A Short Art History Guide to March Madness 2016

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It’s March Madness and while many fans obsess over their carefully-designed brackets, a select few of us remain surprisingly uninterested. 

If you belong in the last category, yet you find yourself being involuntarily surrounded by the college basketball festivities, we may have just what you need to help get you in the mood.

With Sartle’s short guide to March Madness, you will not only learn about the most notorious teams of the tournament, but you’ll be doing it art history style. 

The only kind of dunking we partake in.  

Kansas Jayhawks— Michelangelo’s David


David by Michelangelo at the Academy of Fine Arts of Florence

Kansas is the team that’s most heavily-favored to win. They have a famous coach and experienced players that have been playing together for a long time. 


Like Michelangelo’s David, Kansas has surely demonstrated expertise in their field, but because they make such fine skill look so easy, they’re just not that interesting anymore.

Duke Blue Devils— anything Jeff Koons


Three Ball Total Equilibrium Tank by Jeff Koons at the Tate Britain

Like the artist who heavily advertises himself and likes to talk about himself in the third person, the Blue Devils are extremely easy to dislike. The fact that they’re actually good at what they do makes things even more annoying.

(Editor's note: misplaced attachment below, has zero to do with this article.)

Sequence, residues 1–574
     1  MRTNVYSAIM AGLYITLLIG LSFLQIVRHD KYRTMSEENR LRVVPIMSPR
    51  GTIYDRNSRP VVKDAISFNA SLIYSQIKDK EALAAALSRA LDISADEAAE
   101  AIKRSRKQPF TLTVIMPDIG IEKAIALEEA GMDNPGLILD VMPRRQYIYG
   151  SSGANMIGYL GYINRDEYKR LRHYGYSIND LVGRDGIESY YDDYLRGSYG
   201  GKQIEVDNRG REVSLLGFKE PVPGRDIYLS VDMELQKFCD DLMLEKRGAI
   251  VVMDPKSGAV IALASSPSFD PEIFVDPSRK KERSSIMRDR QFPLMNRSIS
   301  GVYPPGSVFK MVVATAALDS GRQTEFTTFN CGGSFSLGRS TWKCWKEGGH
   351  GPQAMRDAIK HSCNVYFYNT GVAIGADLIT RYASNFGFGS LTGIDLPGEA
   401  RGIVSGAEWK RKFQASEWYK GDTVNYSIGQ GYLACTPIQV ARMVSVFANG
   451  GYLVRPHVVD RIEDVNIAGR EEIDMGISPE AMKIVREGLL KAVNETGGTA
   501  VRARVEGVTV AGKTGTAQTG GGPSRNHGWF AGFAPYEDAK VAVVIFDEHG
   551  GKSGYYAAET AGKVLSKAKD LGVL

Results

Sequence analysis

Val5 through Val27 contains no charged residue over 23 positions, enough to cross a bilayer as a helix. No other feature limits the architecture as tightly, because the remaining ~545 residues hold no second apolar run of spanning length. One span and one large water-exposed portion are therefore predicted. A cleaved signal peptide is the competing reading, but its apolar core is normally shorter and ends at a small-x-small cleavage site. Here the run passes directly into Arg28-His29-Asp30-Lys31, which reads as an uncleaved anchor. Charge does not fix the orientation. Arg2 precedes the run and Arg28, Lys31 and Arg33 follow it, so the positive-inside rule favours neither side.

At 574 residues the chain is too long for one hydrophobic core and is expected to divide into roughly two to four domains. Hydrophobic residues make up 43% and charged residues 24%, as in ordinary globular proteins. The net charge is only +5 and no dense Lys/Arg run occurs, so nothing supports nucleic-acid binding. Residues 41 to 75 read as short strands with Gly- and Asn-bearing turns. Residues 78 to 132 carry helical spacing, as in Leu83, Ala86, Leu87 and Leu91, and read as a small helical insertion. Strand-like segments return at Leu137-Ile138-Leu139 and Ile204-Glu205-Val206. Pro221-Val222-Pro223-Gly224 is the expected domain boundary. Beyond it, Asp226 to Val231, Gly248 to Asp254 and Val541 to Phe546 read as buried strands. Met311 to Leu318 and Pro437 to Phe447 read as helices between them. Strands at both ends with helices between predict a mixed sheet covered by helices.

Unfortunately, no matter how eccentric Koons’s pieces get or how many games the Blue Devils win, there’s just no getting past all the douchebaggery that is so essential to their identities. 

Kentucky Wildcats— Andy Warhol’s Campbell’s Soup Cans


Campbell’s Soup Cans by Andy Warhol at the Museum of Modern Art

Just like Warhol’s obsession with mass-production, Kentucky prides itself in continuously churning out NBA-worthy players. With their old players constantly leaving for the NBA, their new recruits always help them maintain their contemporary edge.


Unfortunately, their loss to Indiana this past weekend probably destroyed many hearts— and brackets— across the nation.


Yale Bulldogs— Marcel Duchamp’s Fountain


Fountain by Marcel Duchamp at the Museum of Destroyed and Lost Art

Duchamp is clearly a worthy artist, but the first time somebody saw his Fountain at a museum they must have asked themselves, “Why is this here?” This reaction isn’t too far off from how fans around the nation reacted when finding out that Yale had been chosen to play in this year’s NCAA tournament.


But after some brief explanation, or in Yale’s case an unexpected win against Baylor, viewers nodded their heads saying, “Hmm, I kind of get it now.”  


Yup, totally get it.

Though everyone likes seeing the underdog win, it wasn’t too surprising when the Ivy League lost to Duke this past weekend.

Special Mention: Ben Simmons— Diego Rivera


Here’s something the Australian player (and touted number 1 NBA draft pick) and the Mexican artist have in common: they’re really good at what they do, but they chose to play for the wrong team.

Maybe next year, if you play your cards right, you’ll actually get to be on the court, huh mate?


Fans are bracing themselves for another weekend of match-ups, taking us one step closer to the national championships. We hope you’ll join them and that you were finally able to get in the spirit of college basketball. 


By Kyla

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Kyla Crisostomo


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